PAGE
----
by Christopher Riddle
On June 1, 1949, the day of his 19th birthday, my father left home to travel in the dual capacity of trombonist and arranger with dance band leader Jerry Wald. In 1941, he joined The Charlie Spivak Orchestra and remained there until he entered the merchant marine in 1943. The, the years 1944-45 were spent most profitably, experience-wise, with the Tommy Dorsey Orchestra. Dorsey employed as his arrangers such talents as Eddie Sauter, Hugo Winterhalter and Freddie Norman.
In 1946, he returned to New York and worked for several months as an arranger for such band greats as the Elgart Brothers and Elliot Lawrence. But the West coast intrigued him and, with the help of his good friend guitarist Bob Bain, he secured a job arranging for Bob Crosby. He arrived in Los Angeles on December 5, 1946, and it was home from then on.
The early years in Los Angeles were spent learning his craft with the great Mario Castellanuevo-Tedesco and Victor Young. Whilst he was largely writing arrangements for NBC Radio, he began to occasionally work for Nat King Cole, but as a ghost-arranger. However, the successes of his arrangements for "Mona Lisa" in 1950 and "Too Young" in 1951 set him on his way to doing most of Nat King Cole's music at Capitol Records. By this time my father had become conductor of the orchestra and had his name printed on the record label. He was no longer an anonymous arranger!
My father worked with Frank Sinatra for the first time in 1953. Sinatra's career was in a professional limbo at that time. Lee Gillette at Capitol Records thought it would be a good idea for Sinatra to work with the young arranger, but Frank was skeptical and wanted to work in New York with more familiar people and surroundings. Fortunately, Gillette stuck to his guns and the genesis of this most remarkable coupling was "I've Got the World on a String". Notable future recordings with Sinatra would include the albums "Songs for Young Lovers,' "In the Wee Small Hours", "A Swingin' Affair", and "Nice n' Easy" to name but a few!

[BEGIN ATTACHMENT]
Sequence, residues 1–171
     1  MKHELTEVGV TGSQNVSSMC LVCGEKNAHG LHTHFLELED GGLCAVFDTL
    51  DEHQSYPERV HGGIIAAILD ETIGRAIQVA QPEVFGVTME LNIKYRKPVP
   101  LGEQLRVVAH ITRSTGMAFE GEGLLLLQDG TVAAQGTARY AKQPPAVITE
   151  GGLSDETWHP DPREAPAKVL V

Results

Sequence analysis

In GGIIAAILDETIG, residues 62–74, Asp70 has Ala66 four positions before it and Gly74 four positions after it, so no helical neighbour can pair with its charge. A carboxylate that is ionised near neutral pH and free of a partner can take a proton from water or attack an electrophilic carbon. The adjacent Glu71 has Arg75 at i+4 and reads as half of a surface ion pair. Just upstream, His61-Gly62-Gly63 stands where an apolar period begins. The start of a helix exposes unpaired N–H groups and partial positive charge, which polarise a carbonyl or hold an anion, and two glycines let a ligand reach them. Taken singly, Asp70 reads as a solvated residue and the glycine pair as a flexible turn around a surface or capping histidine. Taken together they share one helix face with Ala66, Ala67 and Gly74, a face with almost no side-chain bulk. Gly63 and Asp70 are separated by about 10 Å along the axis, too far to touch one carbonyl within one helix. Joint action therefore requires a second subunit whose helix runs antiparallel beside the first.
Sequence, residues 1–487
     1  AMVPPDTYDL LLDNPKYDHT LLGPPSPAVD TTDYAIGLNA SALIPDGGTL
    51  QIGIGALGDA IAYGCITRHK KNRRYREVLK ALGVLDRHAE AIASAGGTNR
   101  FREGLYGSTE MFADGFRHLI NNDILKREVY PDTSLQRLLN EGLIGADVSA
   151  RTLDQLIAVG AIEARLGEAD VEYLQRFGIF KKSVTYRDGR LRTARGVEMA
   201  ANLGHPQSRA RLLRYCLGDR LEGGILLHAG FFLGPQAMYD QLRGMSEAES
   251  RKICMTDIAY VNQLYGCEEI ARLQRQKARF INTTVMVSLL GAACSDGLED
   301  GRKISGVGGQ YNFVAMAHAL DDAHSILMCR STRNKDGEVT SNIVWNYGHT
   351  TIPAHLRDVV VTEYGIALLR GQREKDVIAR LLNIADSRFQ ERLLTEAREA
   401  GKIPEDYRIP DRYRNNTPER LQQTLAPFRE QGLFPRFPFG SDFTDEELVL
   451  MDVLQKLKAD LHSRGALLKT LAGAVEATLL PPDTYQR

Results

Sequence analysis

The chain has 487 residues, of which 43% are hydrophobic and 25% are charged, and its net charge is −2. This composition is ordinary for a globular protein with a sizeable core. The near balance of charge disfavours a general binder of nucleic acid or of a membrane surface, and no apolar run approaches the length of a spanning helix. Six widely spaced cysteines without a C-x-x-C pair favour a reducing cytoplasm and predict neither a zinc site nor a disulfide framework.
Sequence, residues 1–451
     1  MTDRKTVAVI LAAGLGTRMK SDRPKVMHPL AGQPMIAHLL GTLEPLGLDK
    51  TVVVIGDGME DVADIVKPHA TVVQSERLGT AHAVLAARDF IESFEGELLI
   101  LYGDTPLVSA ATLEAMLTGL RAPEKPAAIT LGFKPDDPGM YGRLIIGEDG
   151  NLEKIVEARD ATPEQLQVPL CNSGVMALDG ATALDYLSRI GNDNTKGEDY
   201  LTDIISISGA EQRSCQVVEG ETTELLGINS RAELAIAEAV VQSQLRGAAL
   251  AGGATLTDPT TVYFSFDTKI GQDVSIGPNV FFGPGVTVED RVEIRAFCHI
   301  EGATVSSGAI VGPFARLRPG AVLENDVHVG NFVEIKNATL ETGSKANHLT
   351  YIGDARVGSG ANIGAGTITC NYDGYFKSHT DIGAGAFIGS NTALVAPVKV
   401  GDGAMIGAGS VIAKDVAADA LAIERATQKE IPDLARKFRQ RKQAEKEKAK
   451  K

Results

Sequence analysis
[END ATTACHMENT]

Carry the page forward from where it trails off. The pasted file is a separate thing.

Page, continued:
By the mid-1950's, my father was staff arranger at Capitol Records and worked with such immortals as Ella Fitzgerald, Peggy Lee, Judy Garland, Rosemary Clooney, Keely Smith, Dinah Shore, The Hi Lo's, Ella Mae Morse, Al Martino, Dakota Staton, Dean Martin and Bing Crosby.
Interspersed with the vocal recordings, my father wrote many successful instrumental pieces, with "Lisbon Antigua" becoming a number one hit, netting him his first gold record for sales over one million.
His motion picture and television credits include "The Young at Heart", "High Society", "Pal Joey", "Paint Your Wagon", "The Tender Trap", "Can-Can", "Li'l Abner", "A Hole in the Head", "The Great Gatsby" (for which he received an Academy Award for musical adaptation), "The Untouchables", "Naked City" and Route 66", the first TV theme to become a chart-topper.
His recording career tapered off in the 1970's and early 1980's with the continuing onslaught of rock n' roll and electronic instruments that sadly, for my father, became the vogue. However, in 1983 he received a phone call from Linda Ronstadt asking him to write an arrangement for the old standard, "I Guess I'll Hang My Tears Out To Dry". His reply was that he would not consider writing a single arrangement, but rather a complete album. That was the birth of "What's New?" which begat "Lush Life" which was followed by "For Sentimental Reasons" - Sadly the last collaboration of this genre with Ms. Ronstadt. The result of my father's final collaboration was the album " Blue Skies", with Dame Kiri te Kanawa. Nelson Riddle died on October 6, 1985.